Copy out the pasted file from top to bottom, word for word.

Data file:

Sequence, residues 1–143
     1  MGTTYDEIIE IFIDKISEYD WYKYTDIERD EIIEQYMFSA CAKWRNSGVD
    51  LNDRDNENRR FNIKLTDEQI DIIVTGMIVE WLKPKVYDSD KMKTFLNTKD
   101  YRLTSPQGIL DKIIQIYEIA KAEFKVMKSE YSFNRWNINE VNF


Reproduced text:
Sequence, residues 1–143
     1  MGTTYDEIIE IFIDKISEYD WYKYTDIERD EIIEQYMFSA CAKWRNSGVD
    51  LNDRDNENRR FNIKLTDEQI DIIVTGMIVE WLKPKVYDSD KMKTFLNTKD
   101  YRLTSPQGIL DKIIQIYEIA KAEFKVMKSE YSFNRWNINE VNF